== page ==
A UK resident while planning a holiday trip to Sal did write to a popular Facebook group that he and his partner are to travel from to the island and questioned:
Is it better to take Euros or change Sterling into Cape Verde Escudos?
As you would imagine, there were a number of responses, equally arguing Euro or Escudo as preference.
Our explanation is a little more detailed in that there are 110 Escudo (CVE) to the Euro which is permanently linked. To keep the calculations simple, most restaurants publish and use a 100 CVE to 1 Euro and hence a 500 CVE meal is €4.54 at 110/1 and €5.00 if 100/1. So paying in Euro effectively can cost around 10% more in most places.
What we normally do is take a couple of hundred Euro as a cash reserve and withdraw 20,000CVE from ATMs as needed. Note however that there is a 200CVE charge levied at each ATM which means a 1% cost at 20,000 and a 2% cost with a lower 10,000CVE withdrawal. Thus it is more economical to withdraw higher amounts and is a consideration too.
We are in Santa Maria as I type. Yesterday’s 20,000CVE withdrawal exchanged at £159.19 with an applied £4.35 non Sterling transaction fee with HSBC, while the same amount was £162.54 and a £2.37 non Sterling transaction fee with Santander. Thus 20,000CVE cost us £163.54 via the HSBC and £164.91 from Santander.
The same 20,000CVE was cheapest with my Monzo card at £157.25 and zero non Sterling transaction fee. That said, Monzo will limit you to one free ATM withdrawal up to £200.00 a month and then 3% thereafter. Thus our next Monzo withdrawal will cost £4.71 and hence £157.25 plus £4.71 is £161.96. But, Monzo is still cheaper!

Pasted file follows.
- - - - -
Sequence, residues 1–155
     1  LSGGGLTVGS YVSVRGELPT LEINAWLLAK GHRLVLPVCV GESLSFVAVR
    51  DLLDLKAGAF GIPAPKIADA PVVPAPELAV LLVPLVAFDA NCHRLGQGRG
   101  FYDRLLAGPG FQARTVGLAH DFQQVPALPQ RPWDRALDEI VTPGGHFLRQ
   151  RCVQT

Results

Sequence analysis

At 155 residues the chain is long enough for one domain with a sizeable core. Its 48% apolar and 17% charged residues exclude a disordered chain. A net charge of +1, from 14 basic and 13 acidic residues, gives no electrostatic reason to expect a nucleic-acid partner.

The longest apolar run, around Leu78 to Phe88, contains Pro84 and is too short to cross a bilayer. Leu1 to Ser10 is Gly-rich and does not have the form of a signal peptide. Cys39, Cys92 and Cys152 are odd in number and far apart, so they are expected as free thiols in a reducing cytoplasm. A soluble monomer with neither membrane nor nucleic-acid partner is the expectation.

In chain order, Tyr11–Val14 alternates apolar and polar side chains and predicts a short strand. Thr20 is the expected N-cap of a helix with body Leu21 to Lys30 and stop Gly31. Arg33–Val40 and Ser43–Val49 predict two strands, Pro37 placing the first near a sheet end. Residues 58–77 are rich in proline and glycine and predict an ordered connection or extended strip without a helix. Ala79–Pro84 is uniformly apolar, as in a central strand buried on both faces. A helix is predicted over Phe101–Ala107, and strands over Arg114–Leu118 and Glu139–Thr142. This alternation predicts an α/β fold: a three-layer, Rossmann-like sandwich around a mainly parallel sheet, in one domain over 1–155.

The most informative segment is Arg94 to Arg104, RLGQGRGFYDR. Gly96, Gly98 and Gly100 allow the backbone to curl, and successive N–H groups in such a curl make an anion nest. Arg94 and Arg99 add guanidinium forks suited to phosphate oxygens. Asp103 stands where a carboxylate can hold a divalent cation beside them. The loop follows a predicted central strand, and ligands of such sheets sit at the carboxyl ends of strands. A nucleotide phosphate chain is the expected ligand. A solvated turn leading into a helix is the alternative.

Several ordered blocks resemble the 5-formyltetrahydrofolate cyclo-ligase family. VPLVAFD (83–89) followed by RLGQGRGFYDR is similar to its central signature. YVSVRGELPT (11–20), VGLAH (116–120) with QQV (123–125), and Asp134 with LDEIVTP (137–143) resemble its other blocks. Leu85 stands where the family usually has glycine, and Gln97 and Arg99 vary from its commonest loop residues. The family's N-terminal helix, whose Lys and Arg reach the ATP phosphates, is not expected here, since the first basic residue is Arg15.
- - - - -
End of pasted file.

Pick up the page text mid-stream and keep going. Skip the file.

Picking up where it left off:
You’re next consideration is how much will you take home after your trip and whether you can exchange CVE to Euro or Sterling before you leave the archipelago. There are a number of Bureau De Change establishments within the Santa Maria village and some hotels will exchange Sterling too that could help.
That consideration is not a problem for us as we have a small apartment here and return year after year.
So this Euro/Escudo question does not have a simple answer. However, it simply depends on how many people in your party, how long and where you are staying. By example, if you’re staying in an all inclusive resort and venture into the village a couple of times, then it maybe worth just bringing Euro. On the other hand, if you’re traveling outside of a package holiday, then CVE withdrawals maybe the way to go. Just remember that ATMs can run put of cash, especially bank holiday weekends.
A consideration too is, there is an increasd acceptance where retailers and restaurants are now accepting VISA debit cards (Not Mastercard), so maybe use a card, but have Euro cash as backup. Note also that credit cards are still not acceped and some estabishments will charge a high percentage transaction fee on debit cards.
Personally, we still consider ‘Cash Is King’ and as a regular visitor, will choose a CVE withdrawal over bringing Euro, but it’s all ‘Swings And Roundabouts’. Your chosen currency of use will be based on your personal circumstances. In closing, it is only CVE you can withdrawer from ATMs and not Euro.